13,000 years ago, a puppy was born in what is now Germany. The puppy was not healthy, and had to be nursed by its humans through three bouts of distemper when it was four to five months old. That is a disease that still kills dogs, especially puppies, to this day.
Sadly, when it was about six months old, the puppy died. It was found in Oberkassel near Bonn in 1914, along with two humans, a woman in her mid twenties, and a man aged about forty. They were all buried with honour and ceremony, sprayed with red rock powder, covered with basalt blocks so that nobody would disturb them.
We don’t know much more than that. We know that the the two humans were related, but not closely. We know that a tooth from another dog was buried too, along with a carved bone pin, a sculpture of the head of an elk carved into an elk antler, a bear’s penis bone (lots of male animals have penis bones, though humans don’t) and a red deer tooth. No other humans or animals were buried in the immediate area.
It seems to me that the most likely scenario is that the two humans were leadership figures in their village, their clan, their tribe, whatever the larger social unit was. He had a couple of healed broken bones. She had had at least one child. They both had bad teeth. There’s no obvious cause of death – no marks of immediate violence.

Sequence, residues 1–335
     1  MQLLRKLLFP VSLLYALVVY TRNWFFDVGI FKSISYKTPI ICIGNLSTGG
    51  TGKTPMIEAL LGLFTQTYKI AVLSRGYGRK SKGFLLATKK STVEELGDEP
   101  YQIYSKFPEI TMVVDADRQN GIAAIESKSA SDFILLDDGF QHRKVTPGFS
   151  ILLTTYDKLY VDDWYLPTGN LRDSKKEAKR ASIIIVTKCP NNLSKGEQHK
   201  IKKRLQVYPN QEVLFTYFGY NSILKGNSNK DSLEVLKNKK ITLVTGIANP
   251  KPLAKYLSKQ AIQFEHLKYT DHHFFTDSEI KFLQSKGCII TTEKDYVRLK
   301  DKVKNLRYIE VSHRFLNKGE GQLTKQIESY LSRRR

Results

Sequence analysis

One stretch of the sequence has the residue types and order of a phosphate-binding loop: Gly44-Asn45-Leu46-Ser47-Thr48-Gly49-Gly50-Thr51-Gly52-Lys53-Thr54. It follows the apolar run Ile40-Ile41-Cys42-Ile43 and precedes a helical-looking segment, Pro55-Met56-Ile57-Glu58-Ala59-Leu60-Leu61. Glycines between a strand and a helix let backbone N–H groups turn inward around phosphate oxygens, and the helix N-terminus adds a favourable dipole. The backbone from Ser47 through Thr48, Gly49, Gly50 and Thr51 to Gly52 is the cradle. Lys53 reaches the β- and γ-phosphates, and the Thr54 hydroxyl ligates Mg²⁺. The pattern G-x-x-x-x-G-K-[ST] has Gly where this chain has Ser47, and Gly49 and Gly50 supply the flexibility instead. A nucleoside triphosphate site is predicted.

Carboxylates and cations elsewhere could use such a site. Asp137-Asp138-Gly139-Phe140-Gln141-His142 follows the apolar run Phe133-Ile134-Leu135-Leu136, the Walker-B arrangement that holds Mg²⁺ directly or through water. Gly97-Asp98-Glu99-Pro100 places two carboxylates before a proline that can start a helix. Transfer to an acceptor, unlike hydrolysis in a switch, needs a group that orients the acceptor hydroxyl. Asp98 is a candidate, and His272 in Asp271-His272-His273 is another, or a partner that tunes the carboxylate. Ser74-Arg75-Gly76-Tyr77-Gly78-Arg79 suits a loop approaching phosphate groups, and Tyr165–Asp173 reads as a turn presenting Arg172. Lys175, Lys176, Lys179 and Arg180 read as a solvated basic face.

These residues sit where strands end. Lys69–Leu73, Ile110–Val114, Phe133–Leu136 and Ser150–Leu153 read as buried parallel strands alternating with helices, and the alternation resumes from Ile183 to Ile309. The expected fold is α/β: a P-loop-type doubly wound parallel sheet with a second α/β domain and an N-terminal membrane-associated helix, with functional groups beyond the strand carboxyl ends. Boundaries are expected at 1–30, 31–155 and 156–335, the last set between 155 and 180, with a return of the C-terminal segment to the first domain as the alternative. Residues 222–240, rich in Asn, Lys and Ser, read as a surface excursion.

I would bet that man, woman and dog died together in an accident that left no trace on their bones; asphyxiation caused by fire or flood, perhaps. And their grieving kin laid all three of them to rest together, speaking words we can never hear, in a language we will never know, for them to be found 14,000 years later.
The Oberkassel puppy is the earliest known example of a domesticated dog. It was ill for much of its short life, and could not have been useful to its humans as a hunter or guard. They spent a lot of time looking after it, because they loved it.
Don Hitchcock’s web page has lots more information, links and photographs. The best recent academic source on the Oberkassel puppy is by Luc Janssens of the University of Gent and colleagues: “A new look at an old dog: Bonn-Oberkassel reconsidered”, Journal of Archaeological Science (2018), https://doi.org/10.1016/j.jas.2018.01.004.